In 2003, I published a study titled “Profiling Cartographic Education in GIS Certificate Programs.” Much has changed in the last 17 years. Instead of repeating that project on the metrics of cartographic education, I thought it would be more insightful and relevant to interview some of the brilliant people who teach the subject currently, and offer their perspectives.

 I had the privilege to spend time with several leaders in cartographic education, specifically:

  • Shannon White, GIS certificate coordinator and interim director at William and Mary University in Virginia.
  • Jim Meacham, senior research associate and executive director of the InfoGraphics Lab at the University of Oregon.
  • Amy Rock, geography professor and director of the GIS Certificate program at Humboldt State University.
  • Joseph Kerski, education manager for Esri.
  • Christina Friedle, coordinator of the GIS Certificate program at Portland Community College.

 Each of these individuals have different perspectives. Some teach certificate programs; others contribute to graduate degree programs; others include cartography in two-year associate degrees. Despite their various programs and delivery methods, many of the same messages resounded during the interviews. My own experience in teaching GIS and cartography falls well in line with these as well.

 The good news is that cartographic education is alive and well, and is becoming more relevant than ever. GIS has become an almost ubiquitous skill for many professions in many fields, but as I always say, having the hammer and wood doesn’t mean you can make a cabinet.  The massive amounts of data that we have available need to be digestible to many different audiences. Craftsmanship is critical.

 The running themes that emerged from these interviews were:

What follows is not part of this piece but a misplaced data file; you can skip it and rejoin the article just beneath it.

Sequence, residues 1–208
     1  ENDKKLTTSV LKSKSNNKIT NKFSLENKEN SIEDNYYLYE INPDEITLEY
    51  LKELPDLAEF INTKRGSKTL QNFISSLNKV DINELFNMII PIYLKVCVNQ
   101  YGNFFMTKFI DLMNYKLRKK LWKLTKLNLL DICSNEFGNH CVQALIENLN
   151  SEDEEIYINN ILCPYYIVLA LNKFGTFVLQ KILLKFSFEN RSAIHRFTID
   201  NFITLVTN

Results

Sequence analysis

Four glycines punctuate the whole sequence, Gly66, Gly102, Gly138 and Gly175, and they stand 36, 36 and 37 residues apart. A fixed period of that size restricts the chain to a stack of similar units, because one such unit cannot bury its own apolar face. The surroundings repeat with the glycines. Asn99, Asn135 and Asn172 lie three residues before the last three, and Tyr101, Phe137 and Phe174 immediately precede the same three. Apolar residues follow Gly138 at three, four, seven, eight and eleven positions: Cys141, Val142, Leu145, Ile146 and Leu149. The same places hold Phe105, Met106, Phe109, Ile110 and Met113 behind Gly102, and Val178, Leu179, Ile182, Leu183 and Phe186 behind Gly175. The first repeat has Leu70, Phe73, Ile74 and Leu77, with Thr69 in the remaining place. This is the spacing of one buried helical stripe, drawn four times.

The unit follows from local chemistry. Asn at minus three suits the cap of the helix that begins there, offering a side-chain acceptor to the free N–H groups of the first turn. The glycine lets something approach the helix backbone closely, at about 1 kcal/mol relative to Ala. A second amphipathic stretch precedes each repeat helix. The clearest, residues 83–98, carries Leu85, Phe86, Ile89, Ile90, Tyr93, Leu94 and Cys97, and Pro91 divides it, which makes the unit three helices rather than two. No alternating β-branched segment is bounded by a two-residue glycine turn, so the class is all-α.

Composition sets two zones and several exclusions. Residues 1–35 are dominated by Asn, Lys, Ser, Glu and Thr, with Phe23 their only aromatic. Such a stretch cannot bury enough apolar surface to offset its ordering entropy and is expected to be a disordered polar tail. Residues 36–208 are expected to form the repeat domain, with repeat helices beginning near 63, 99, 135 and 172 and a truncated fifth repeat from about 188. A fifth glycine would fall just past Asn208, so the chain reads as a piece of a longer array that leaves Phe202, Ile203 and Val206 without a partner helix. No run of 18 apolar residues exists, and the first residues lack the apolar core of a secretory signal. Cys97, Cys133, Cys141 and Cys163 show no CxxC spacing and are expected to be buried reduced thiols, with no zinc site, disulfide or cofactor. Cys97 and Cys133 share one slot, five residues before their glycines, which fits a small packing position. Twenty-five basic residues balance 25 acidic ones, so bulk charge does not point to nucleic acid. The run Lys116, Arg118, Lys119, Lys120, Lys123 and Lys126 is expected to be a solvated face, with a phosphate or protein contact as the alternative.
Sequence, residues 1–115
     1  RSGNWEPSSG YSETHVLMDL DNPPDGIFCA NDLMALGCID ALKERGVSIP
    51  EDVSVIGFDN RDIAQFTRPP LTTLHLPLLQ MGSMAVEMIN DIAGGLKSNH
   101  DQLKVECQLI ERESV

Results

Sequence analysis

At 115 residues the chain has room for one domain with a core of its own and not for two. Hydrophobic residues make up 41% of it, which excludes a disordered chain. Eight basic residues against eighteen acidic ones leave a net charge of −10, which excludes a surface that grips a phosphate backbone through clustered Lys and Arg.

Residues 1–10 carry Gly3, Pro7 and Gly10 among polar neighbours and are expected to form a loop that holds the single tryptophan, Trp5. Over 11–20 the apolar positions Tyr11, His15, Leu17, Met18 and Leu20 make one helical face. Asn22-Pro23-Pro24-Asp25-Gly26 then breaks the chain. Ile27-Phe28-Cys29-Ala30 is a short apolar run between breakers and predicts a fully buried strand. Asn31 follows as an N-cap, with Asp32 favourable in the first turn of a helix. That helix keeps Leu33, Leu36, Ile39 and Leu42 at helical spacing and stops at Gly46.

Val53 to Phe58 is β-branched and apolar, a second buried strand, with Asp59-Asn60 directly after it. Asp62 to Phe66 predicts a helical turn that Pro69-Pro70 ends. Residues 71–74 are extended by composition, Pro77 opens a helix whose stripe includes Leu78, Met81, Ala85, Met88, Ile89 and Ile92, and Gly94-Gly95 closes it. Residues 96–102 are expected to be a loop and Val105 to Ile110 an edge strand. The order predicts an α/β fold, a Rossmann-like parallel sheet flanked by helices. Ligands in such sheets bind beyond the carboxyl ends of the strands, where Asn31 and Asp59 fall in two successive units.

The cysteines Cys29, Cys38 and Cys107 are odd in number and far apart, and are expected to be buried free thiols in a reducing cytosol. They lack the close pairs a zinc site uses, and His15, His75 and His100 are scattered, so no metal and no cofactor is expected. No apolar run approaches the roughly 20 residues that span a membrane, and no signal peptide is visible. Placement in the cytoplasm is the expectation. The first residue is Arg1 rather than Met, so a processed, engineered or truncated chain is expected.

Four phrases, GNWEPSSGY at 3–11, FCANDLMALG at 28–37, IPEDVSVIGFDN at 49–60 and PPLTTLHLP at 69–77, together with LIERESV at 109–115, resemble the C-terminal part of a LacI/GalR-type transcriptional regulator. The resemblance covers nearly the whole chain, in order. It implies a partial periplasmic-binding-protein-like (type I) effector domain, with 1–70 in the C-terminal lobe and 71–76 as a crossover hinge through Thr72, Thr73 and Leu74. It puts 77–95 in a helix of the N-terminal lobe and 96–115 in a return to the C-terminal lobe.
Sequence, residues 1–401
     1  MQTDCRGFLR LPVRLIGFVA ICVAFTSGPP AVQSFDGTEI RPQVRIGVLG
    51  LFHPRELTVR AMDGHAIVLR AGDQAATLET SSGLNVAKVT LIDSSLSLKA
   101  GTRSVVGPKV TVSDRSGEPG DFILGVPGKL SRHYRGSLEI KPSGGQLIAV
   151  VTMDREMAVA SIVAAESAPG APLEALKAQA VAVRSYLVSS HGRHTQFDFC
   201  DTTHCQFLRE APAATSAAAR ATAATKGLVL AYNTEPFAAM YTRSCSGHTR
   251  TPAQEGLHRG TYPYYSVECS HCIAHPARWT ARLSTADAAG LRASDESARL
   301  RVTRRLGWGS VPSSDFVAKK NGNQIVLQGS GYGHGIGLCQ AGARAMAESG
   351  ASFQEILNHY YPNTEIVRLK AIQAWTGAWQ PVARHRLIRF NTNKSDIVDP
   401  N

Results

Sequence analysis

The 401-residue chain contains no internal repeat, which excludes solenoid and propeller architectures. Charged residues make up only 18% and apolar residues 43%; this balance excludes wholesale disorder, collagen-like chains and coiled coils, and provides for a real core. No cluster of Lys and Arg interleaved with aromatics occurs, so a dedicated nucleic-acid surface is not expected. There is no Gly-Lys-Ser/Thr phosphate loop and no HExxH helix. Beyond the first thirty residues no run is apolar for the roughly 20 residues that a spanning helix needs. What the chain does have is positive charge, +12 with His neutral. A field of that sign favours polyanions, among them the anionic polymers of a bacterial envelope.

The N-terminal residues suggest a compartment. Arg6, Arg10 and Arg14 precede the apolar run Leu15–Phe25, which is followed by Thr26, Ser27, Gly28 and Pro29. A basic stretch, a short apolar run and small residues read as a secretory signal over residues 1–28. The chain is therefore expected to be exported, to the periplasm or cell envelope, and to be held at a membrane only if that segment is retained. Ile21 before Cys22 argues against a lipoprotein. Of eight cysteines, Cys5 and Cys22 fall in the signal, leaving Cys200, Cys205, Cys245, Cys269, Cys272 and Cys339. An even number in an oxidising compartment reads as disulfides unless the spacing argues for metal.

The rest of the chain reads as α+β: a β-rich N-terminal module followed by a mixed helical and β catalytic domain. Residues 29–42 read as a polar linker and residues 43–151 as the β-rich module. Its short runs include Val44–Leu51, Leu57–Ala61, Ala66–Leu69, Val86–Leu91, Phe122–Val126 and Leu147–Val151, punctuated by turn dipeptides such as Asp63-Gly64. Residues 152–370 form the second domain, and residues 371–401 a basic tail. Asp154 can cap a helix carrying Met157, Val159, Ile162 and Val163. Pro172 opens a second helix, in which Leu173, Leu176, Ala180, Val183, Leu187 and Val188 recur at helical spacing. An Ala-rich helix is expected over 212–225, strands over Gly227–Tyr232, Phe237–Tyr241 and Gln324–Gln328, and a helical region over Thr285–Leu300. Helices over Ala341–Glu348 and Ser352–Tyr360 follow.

•  Collaboration with other programs is essential.
  • Peer to peer engagements encourage learning and growth.
  • There are many future opportunities for graduates, and geospatial skills are an essential tool.
  • GIS and cartography are organically interrelated.

“An organic evolution”

That was how the program began at PCC, in Christina Friedle’s words. Success led to demand, and demand led to support. And as we know, few GIS programs work alone.

 At Humboldt State, GIS is the most popular minor. Along with the natural resource students majoring in wildlife biology, forestry, botany, fire ecology and other fields, they also enroll students from anthropology and sociology. Their courses in the geospatial track cross multiple departments. Geography teaches cartography, and forestry delivers the remote sensing component.

 At my school, the Oregon Institute of Technology, the basic GIS course is required for all majors in geomatics, environmental science and civil engineering. We don’t teach a cartography class, but it is woven into the curriculum, with more emphasis in the upper-level courses.

 Teaching at the University of Washington, I had no specific cartography courses, but I was able to emphasize the importance of skills to make effective maps that would speak to your audience. One important and eye-opening exercise was to make a basic population map of U.S. states using various classification methods.

 “I like, I wish, what if?”

 This is the set of questions that Shannon White has her students consider to begin their map evaluations. Peer to peer engagements encourage learning and growth, and bring visibility and vitality to the programs. Who doesn’t love a map gallery? When we post our students’ maps for evaluation in the College Union, almost everyone passing by will pause to look.

 At a cartography symposium in 2018, I spent a lot of time in the student section and I was impressed by many of the maps, especially the ones from PCC. When I asked Christina Friedle how a two-year program could produce so many professional quality maps, the short answer was “constructive collaboration.”

 One of the many lessons that I have learned is the importance of having others review your maps. We can often spend so much time on a map that we don’t see it any more. At OIT, we do an annual map review of the capstone projects. Professors, local GIS specialists and other students offer constructive feedback on the maps. The students get to revise their maps, and the best ones go on display at our regional conferences.